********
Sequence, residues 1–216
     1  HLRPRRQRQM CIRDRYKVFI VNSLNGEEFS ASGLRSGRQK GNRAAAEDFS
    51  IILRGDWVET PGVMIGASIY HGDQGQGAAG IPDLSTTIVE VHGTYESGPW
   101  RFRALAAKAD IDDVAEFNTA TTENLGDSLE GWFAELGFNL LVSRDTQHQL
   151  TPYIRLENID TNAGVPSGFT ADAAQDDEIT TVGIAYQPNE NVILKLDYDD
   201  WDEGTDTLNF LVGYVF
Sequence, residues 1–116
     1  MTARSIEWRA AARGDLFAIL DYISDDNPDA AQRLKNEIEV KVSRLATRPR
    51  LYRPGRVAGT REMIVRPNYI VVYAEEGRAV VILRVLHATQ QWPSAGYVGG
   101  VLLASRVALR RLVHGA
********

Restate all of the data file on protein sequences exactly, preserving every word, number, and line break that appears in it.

Sequence, residues 1–216
     1  HLRPRRQRQM CIRDRYKVFI VNSLNGEEFS ASGLRSGRQK GNRAAAEDFS
    51  IILRGDWVET PGVMIGASIY HGDQGQGAAG IPDLSTTIVE VHGTYESGPW
   101  RFRALAAKAD IDDVAEFNTA TTENLGDSLE GWFAELGFNL LVSRDTQHQL
   151  TPYIRLENID TNAGVPSGFT ADAAQDDEIT TVGIAYQPNE NVILKLDYDD
   201  WDEGTDTLNF LVGYVF
Sequence, residues 1–116
     1  MTARSIEWRA AARGDLFAIL DYISDDNPDA AQRLKNEIEV KVSRLATRPR
    51  LYRPGRVAGT REMIVRPNYI VVYAEEGRAV VILRVLHATQ QWPSAGYVGG
   101  VLLASRVALR RLVHGA